Mass. on the condition that the number of its participants. so to speak. beyond the image wars. 32. I am aware that to get at the heart of this argument one would have to renew also what it means to be a constructivist. decent.” Configurations 2 (Winter 1994): 1–14. on the other. but the one for whom. 27–46. although I share all of the worries of Thomas de Zengotita. This is why. 2004).. Archimedes spoke for a whole tradition when he exclaimed: “Give me one fixed point and I will move the Earth.31 A gathering. nonhumans as well as humans. not away but toward the gathering. Porter (Cambridge. Derek Edwards. but. not be limited in advance. Don Ihde and Evan Selinger (Bloomington. as I call it. but I have said enough to indicate the direction of critique. 2003): 35–45. 34.32 It is entirely wrong to divide the collective. then it means it is fragile and thus in great need of care and caution. trans. “Common Ground: Finding Our Way Back to the Enlightenment. Matters of Concern more human that the inhumane matters of fact would have missed. a multifarious inquiry launched with the tools of anthropology. This paper is a companion of another one: Latour. but.” This exhibition will explore what Iconoclash had simply pointed at. but the one who assembles. an issue.30 The stubbornness of matters of fact in the usual scenography of the rock-kicking objector—“It is there whether you like it or not”—is much like the stubbornness of political demonstrators: “the U. love it or leave it. inside a Thing. I think he is . if something is constructed. long-term existence.” Harper’s 306 (Jan. The critic is not the one who debunks. See Latour.” that is. on the one hand. but the one who offers the participants arenas in ¨ which to gather. “The Bottom Line: The Rhetoric of Reality Demonstrations. if I exclaim in turn “Give me one matter of concern and I will show you the whole earth and heavens that have to be gathered to hold it firmly in place”? For me it makes no sense to reserve the realist vocabulary for the first one only. can be very sturdy. articulate. Politics of Nature: How to Bring the Sciences into Democracy.34 30. namely. Ind. philosophy. metaphysics. Objects are simply a gathering that has failed—a fact that has not been assembled according to due process. 33. sturdy. into the sturdy matters of fact. history. a very poor substitute for any sort of vibrant. See the marvelously funny rendering of the realist gesture in Malcolm Ashmore. an arena.33 Not westward. rather. 2003). The critic is not the one who lifts the rugs from under the feet of the naıve believers. This is the challenge of a new exhibition I am curating with Peter Weibel in Karlsruhe and that is supposed to take place in 2004 under the provisional title “Making Things Public. ed. sociology to detect how many participants are gathered in a thing to make it exist and to maintain its existence.. eastward.246 Bruno Latour / Matters of Fact. its ingredients.S. The critic is not the one who alternates haphazardly between antifetishism and positivism like the drunk iconoclast drawn by Goya. and the dispensable crowds.. and Jonathan Potter. too.” in Chasing Technoscience: Matrix for Materiality. pp. 31. “The Promises of Constructivism. the Thing. a thing.” but am I not speaking for another. much less prestigious but maybe as respectable tradition. that is.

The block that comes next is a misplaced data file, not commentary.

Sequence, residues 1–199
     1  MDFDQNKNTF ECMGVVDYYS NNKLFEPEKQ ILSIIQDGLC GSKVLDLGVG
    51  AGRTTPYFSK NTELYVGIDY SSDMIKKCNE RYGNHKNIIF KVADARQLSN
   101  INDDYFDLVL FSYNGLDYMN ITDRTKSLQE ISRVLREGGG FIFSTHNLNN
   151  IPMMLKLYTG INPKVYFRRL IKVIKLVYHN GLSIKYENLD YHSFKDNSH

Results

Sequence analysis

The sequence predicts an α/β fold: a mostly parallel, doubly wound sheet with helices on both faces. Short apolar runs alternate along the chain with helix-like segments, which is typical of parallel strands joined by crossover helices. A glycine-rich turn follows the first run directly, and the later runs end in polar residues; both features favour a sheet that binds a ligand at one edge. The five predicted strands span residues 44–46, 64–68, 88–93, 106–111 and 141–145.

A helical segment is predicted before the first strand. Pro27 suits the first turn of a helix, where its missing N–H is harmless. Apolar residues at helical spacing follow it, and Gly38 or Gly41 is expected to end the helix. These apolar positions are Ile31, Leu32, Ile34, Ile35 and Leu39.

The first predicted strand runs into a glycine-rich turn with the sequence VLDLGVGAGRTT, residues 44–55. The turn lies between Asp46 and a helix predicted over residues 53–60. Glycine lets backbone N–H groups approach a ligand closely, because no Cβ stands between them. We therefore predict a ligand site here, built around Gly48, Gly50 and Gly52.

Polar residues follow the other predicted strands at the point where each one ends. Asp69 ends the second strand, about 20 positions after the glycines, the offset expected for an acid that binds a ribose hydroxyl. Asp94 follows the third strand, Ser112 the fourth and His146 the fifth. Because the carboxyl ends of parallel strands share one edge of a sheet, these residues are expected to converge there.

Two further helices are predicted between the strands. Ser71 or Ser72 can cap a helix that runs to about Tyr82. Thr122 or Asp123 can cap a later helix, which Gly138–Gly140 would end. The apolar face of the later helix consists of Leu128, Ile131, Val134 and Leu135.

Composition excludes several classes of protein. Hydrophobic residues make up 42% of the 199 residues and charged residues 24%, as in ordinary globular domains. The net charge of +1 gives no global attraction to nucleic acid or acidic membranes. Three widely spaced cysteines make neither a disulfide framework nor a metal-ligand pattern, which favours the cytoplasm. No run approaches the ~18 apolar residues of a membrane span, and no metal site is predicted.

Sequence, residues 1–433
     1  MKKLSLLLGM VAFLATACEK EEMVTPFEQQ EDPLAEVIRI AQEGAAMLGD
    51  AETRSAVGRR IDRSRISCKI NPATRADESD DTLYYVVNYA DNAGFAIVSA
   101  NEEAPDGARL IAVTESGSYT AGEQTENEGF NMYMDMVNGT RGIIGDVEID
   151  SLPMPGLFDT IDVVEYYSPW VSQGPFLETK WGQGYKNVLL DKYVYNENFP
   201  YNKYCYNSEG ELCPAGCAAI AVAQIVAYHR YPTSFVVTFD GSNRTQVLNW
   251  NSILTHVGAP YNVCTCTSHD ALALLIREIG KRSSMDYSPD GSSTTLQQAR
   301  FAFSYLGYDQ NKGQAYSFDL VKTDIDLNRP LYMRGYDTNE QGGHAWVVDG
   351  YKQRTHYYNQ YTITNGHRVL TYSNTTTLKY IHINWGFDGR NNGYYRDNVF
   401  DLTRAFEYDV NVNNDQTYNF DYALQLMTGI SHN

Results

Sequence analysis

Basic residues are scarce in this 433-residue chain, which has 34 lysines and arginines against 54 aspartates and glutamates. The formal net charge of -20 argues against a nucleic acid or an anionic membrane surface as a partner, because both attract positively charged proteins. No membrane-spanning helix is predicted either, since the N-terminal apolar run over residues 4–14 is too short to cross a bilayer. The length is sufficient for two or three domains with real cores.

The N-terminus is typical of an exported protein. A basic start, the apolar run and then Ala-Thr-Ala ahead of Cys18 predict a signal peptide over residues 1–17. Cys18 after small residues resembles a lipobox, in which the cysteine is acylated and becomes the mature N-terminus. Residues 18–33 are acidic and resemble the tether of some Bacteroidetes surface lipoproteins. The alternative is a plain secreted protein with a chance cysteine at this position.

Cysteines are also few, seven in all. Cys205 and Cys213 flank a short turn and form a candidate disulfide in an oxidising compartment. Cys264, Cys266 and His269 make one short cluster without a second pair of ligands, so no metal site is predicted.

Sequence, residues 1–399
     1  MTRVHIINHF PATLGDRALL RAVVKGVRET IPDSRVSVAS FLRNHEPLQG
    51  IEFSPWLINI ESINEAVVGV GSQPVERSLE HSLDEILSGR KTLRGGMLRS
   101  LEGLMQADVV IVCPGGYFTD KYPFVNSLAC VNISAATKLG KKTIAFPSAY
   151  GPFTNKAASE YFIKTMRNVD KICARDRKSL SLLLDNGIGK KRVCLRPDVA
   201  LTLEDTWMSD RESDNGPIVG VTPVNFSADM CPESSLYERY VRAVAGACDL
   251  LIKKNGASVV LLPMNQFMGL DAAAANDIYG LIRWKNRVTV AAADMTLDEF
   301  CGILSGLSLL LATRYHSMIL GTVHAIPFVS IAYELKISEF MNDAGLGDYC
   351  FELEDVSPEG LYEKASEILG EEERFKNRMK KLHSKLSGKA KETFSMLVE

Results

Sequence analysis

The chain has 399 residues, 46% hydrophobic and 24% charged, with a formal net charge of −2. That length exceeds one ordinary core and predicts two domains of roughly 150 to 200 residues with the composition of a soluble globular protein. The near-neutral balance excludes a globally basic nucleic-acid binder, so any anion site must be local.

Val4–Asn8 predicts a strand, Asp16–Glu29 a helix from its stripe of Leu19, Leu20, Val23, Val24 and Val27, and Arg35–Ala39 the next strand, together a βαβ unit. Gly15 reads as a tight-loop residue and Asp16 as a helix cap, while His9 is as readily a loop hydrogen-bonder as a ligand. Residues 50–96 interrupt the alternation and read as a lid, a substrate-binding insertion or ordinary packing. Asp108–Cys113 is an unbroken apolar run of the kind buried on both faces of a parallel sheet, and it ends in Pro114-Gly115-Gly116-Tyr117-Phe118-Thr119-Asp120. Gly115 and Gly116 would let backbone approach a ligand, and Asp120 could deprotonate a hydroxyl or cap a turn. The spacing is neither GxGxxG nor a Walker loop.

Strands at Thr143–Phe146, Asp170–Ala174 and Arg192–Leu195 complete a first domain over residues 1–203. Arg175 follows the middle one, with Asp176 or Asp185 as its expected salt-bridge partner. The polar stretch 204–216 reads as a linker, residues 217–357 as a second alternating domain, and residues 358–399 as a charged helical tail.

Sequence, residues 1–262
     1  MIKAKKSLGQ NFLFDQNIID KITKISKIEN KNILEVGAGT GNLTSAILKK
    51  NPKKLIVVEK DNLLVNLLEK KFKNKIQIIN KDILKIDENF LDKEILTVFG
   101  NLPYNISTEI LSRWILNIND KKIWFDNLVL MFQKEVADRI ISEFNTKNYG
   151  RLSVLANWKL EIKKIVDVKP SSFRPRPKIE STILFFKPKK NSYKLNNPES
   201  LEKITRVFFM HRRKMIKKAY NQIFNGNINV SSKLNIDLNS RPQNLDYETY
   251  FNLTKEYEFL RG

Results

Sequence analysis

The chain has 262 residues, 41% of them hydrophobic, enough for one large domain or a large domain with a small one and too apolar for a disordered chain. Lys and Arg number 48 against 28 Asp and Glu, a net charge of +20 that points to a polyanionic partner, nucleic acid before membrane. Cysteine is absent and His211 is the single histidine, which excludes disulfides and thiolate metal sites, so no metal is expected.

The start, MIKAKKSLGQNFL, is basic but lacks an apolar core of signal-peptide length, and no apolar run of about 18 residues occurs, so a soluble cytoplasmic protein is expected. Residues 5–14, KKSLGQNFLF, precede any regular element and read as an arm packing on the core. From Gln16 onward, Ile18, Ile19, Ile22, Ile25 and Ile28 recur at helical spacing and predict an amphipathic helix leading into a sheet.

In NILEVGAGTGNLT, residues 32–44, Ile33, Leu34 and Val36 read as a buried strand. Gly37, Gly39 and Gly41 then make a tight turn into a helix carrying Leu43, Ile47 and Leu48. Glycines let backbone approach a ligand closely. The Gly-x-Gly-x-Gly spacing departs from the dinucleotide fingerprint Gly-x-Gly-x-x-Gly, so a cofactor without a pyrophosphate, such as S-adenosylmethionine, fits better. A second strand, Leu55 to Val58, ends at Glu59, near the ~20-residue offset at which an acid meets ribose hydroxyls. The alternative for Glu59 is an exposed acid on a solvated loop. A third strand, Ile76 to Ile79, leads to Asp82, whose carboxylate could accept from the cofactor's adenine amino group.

attitudes. Even Social Text would reject it out of hand as another hoax! “Not again. the computer. all matters of fact require. See A. gestures. “Computing Machinery and Intelligence. beings. To begin with this new habit forming. is to associate the word criticism with a whole set of new positive metaphors. to go back to the “natural” attitude is a sign of nostalgia. “once bitten. instruments of His will providing mansions for the souls that He creates” (“CM. have fabricated. twice shy. it is so baroque. Alan Turing: The Enigma (New York. the computer that he has invented..” p. slipshod fashion. punishment of boys.” Naturally I .36 The surprising result is that we don’t master what we. “I suppose the voltage here ought to be the same as there: anyway let’s assume it is. 36.2 (New York. 35. hereafter abbreviated “CM. 443). I’d like to extract another definition of critique from the most unlikely source. extrasensory perception: “In attempting to construct such machines we should not be irreverently usurping [God’s] power of creating souls. Allan Turing’s original paper on thinking machines. a bewildering variety of matters of concern.” See also what Powers in Galatea 2. taking risks. if not home on earth? Here Turing too cannot avoid mentioning God’s creative power when talking of this most mastered machine. Calif. so kitsch. once again. The computer is in for many surprises. in either case.M.Critical Inquiry / Winter 2004 247 The practical problem we face. those who believe in defining machines by inputs and outputs should meditate his confession: Machines take me by surprise with great frequency. you get out of it much more than you put into it. In the most dramatic way. namely. I do it in a hurried.” Who would take a paper seriously that states somewhere after having spoken of Muslim women. A nonformalist definition of formalism has been proposed by Brian Rotman. here is the origin of one of the icons—to use a cliche of anti´ fetishism—of the contemporary age. Remember how Bush eulogized the crew of the Columbia for reaching home in heaven. 37. ourselves. that all objects are born things. For the context of this paper.” Mind 59 (Oct. always in machines. or rather because. 1995) did with this paper. and yet. Perhaps I say to myself. knee-jerk reactions. habits of thoughts. allusions. although I do a calculation. Turing. Turing’s paper demonstrates.35 I have a good reason for that: here is the typical paper about formalism. see Andrew Hodges. the object of this definition of critique:37 entirely mistaken in the direction of the move he proposes back to the future. 1983). that there is no chance that it would be accepted nowadays by any journal. 1950): 433–60. if you read this paper. That’s precisely his point. 1993). hypotheses. in order to exist. any more than we are in the procreation of children: rather we are. it assembles such an astounding number of metaphors. if we try to go that new route. Lots of gods. this is critique in the most generous sense of the word. Ad Infinitum: The Ghost in Turing’s Machine: Taking God out of Mathematics and Putting the Body Back In (Stanford. Since Turing can be taken as the first and best programmer. namely. This is largely because I do not do sufficient calculation to decide what to expect them to do.” they would certainly say.

the size of the pile is sufficiently increased. in the sense here offered by Turing? That is. Adhering to this analogy we ask. and that it will respond to a certain extent and then drop into quiescence. and is there one for machines? There does seem to be one for the human mind. These admissions lay me open to lectures on the subject of my vicious ways. Animals’ minds seem to be very definitely sub-critical. not with less. which stated that the machine can only do what we tell it to do. One could say that a man can “inject” an idea into the machine. that’s for sure! What would critique do if it could be associated with more. mediating. inheriting from a prestigious critical tradition but not letting it die away. 454] We all know subcritical minds. A smallish proportion are supercritical. . generating more ideas than we have received. however. 450–51] On this nonformalist definition of computers. [“CM. or “dropping into quiescence” like a piano no longer struck. Is there a corresponding phenomenon for minds. assembling. 1997). If. The majority of them seem to be “sub-critical. “Can a machine be made to be super-critical?” [“CM. Each such neutron will cause a certain disturbance which eventually dies away. explain them. Matters of Concern Let us return for a moment to Lady Lovelace’s objection. please. the disturbance caused by such an incoming neutron will very likely go on and on increasing until the whole pile is destroyed.” i. am often wrong. cease to be objects defined simply by their inputs and outputs and become again things. Another simile would be an atomic pile of less than critical size: an injected idea is to correspond to a neutron entering the pile from without. and then at last we could tell them: “Yes. Critical theory died away long ago. touch them. not subtraction.. An idea presented to such a mind may give rise to a whole “theory” consisting of secondary. can we become critical again. This would require that all entities.248 Bruno Latour / Matters of Fact. like a piano string struck by a hammer. but do not throw any doubt on my credibility when I testify to the surprises I experience.” pp. including computers. gathering many more folds than the “united four. deploy them.e.” Then we would have gone for good beyond iconoclasm. see Brian Cantwell Smith.” If this were possible then we could let the critics come ever closer to the matters of concern we cherish. with multiplication. Mass. tertiary and more remote ideas. and the result is a surprise for me for by the time the experiment is done these assumptions have been forgotten. An idea presented to such a mind will on average give rise to less than one idea in reply.” p. to correspond in this analogy to piles of sub-critical size. On the Origin of Objects (Cambridge.